I agree with PPS that a bolt .22 is best for learning a rifle platform and/or teaching kids or new shooters the fundamentals of shooting. If this is your first rifle, I would argue that a bolt action .22 is probably the smartest option as I personally believe they are the type of action that should be learned on first. You may want to look at some offerings from CZ as they make a pretty nice quality little bolt .22 rifle as well. Also, bolt rifles are just as much fun, more reliable, and potentially more accurate as well when bench rested with a nice optic. A 10/22 is a quirky sort of rifle in that its controls are a bit odd compared to most semi-auto rifles, which makes it a somewhat difficult platform for new shooters to learn on. Many of those annoyances can be easily modified and/or eliminated.



Probably the best thing about a 10/22 though is you can make it whatever you want. There are literally endless options for stocks, sights (the stock irons are a bit difficult to get used to), red dots, barrels, trigger enhancements, whatever you can think of. 10/22s also very reliable for a semi-auto .22 rifle and the availability of both standard and higher cap mags like the Ruger BX-25 really allows you to have some fun shooting a lot with this rifle for not a lot money. They are also very reliable in my experience. I can recall maybe 5 times my 10/22 has jammed and that was when I was using super cheap bulk stuff. That is after at least 1000+ rounds after about 2.5 years of ownership and general cleaning and maintenance.
 

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I might add that with HV 22LR it is very reliable. I also got the model with threads and have a suppressor in 22lr for it. Put subsonic rounds in it with the suppressor and its very quiet but also has to be hand cycled. Come to that I prefer the bolt action with suppressor because I already know I'll have to hand cycle it. 22 suppressors make plinking even easier IMHO and are cheap. My current favorite ammo for the 10/22 is Aguila Super Extra HV Copper plated 40gr.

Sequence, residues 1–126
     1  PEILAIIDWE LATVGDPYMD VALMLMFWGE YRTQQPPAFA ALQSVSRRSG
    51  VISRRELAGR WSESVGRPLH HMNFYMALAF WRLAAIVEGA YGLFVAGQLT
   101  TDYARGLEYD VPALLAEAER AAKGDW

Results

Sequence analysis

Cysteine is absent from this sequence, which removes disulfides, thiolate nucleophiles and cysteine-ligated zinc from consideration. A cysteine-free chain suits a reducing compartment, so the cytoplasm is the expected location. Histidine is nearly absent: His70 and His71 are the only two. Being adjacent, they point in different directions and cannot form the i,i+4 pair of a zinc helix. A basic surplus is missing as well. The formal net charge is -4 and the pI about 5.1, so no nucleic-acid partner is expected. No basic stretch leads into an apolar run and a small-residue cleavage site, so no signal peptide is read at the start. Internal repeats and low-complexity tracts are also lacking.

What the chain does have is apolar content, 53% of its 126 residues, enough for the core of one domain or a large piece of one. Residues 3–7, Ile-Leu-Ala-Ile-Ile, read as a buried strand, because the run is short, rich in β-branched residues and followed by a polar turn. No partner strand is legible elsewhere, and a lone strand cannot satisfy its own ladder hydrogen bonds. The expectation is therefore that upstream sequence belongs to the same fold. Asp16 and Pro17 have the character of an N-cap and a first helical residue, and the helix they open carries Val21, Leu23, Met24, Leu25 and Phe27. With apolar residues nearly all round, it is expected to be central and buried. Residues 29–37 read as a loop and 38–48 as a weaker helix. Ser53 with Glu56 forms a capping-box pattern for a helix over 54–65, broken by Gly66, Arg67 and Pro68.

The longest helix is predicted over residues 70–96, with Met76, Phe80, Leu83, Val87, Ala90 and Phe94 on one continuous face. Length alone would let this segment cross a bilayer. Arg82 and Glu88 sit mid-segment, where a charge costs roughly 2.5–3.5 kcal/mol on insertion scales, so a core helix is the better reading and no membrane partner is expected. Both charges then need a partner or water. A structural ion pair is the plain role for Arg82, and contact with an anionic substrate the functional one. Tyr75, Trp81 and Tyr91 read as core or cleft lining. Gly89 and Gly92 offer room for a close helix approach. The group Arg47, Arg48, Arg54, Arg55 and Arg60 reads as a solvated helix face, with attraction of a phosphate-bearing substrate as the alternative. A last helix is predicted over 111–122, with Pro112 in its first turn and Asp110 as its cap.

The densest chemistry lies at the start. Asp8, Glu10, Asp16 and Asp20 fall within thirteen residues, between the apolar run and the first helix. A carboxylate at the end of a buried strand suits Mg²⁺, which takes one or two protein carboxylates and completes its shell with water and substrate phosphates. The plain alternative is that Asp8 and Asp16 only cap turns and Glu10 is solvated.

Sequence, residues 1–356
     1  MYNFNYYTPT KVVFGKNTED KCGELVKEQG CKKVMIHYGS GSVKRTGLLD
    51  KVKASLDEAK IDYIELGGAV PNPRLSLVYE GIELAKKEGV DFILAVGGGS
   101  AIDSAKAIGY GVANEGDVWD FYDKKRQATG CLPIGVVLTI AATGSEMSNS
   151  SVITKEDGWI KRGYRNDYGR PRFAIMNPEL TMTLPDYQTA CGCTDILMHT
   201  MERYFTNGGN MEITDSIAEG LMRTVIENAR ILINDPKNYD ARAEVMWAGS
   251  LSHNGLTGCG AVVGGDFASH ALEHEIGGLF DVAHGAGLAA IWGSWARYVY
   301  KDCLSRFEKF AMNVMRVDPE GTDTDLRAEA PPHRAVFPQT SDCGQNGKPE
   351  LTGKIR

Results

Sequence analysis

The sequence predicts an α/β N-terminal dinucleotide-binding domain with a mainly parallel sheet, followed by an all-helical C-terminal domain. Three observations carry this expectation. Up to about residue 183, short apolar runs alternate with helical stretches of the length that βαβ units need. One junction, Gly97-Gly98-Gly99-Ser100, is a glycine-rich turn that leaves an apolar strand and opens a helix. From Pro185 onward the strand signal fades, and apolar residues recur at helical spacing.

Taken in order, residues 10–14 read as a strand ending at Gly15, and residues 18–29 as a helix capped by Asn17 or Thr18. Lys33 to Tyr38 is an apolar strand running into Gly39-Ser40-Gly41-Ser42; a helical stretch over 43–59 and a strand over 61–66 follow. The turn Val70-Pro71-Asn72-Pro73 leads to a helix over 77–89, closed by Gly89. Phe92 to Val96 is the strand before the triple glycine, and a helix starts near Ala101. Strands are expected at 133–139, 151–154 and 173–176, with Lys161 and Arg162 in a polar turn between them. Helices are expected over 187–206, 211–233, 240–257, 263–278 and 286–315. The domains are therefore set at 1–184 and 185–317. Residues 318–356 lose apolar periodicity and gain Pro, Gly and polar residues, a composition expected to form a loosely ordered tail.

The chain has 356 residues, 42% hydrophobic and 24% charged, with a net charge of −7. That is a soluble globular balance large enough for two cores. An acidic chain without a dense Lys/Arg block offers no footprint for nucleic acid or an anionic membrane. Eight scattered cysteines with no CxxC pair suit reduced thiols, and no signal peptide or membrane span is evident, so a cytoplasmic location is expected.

When I did all the research on the 10/22 a couple years ago I decided on the following list of specs:

  • Take-down
  • Stainless Steel
  • Threaded
  • Scope base pre-drilled
The model 11125 was the sweet spot for me with the 10/22. Very nice little weapon. Breaks down easily, holds zero when reassembled, and stores in a small backpack.

As Mogg said - flush fit 10 round, BX15, Bx25 and the new double 25 round magazines are plentiful and convenient. I'd stay away from the non-Ruger magazines. Sure, you can save ~40% up front but they just don't feed consistently in my experience.
 

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I bought a standard 10-22 to teach my son when he turned 9 and it's a great plinker. The nice thing about the platform is that it's pretty modular. The stock, stock was a little too long for him and I was able to find a smaller factory stock on eBay for a great price.

Paired with a $50 scope it's a tack driver at 25-50 yards, it gets a little bit more challenging 100+ yards out with the 22lr round but it's fun.

I wish I opted for the takedown because it would have made range trips easier but we've been happy with it.

The only downside is cleaning it, specially reassembly, some days I can get the charging handle and bolt back in the receiver on the first try, other times it has me cursing.